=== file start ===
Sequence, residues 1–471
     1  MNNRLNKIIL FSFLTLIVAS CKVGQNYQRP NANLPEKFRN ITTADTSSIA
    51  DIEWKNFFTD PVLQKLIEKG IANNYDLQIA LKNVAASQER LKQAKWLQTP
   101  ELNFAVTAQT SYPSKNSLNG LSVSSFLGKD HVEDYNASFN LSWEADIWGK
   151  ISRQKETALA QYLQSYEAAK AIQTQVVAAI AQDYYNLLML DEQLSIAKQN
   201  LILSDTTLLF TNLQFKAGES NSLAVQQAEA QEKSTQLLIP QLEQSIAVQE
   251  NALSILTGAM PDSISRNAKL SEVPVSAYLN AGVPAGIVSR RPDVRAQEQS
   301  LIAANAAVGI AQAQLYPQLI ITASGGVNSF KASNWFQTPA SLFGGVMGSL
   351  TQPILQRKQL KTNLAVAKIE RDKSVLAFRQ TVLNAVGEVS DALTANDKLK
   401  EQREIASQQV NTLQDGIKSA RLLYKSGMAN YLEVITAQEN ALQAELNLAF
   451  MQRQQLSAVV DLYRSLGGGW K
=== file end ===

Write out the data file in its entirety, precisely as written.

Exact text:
Sequence, residues 1–471
     1  MNNRLNKIIL FSFLTLIVAS CKVGQNYQRP NANLPEKFRN ITTADTSSIA
    51  DIEWKNFFTD PVLQKLIEKG IANNYDLQIA LKNVAASQER LKQAKWLQTP
   101  ELNFAVTAQT SYPSKNSLNG LSVSSFLGKD HVEDYNASFN LSWEADIWGK
   151  ISRQKETALA QYLQSYEAAK AIQTQVVAAI AQDYYNLLML DEQLSIAKQN
   201  LILSDTTLLF TNLQFKAGES NSLAVQQAEA QEKSTQLLIP QLEQSIAVQE
   251  NALSILTGAM PDSISRNAKL SEVPVSAYLN AGVPAGIVSR RPDVRAQEQS
   301  LIAANAAVGI AQAQLYPQLI ITASGGVNSF KASNWFQTPA SLFGGVMGSL
   351  TQPILQRKQL KTNLAVAKIE RDKSVLAFRQ TVLNAVGEVS DALTANDKLK
   401  EQREIASQQV NTLQDGIKSA RLLYKSGMAN YLEVITAQEN ALQAELNLAF
   451  MQRQQLSAVV DLYRSLGGGW K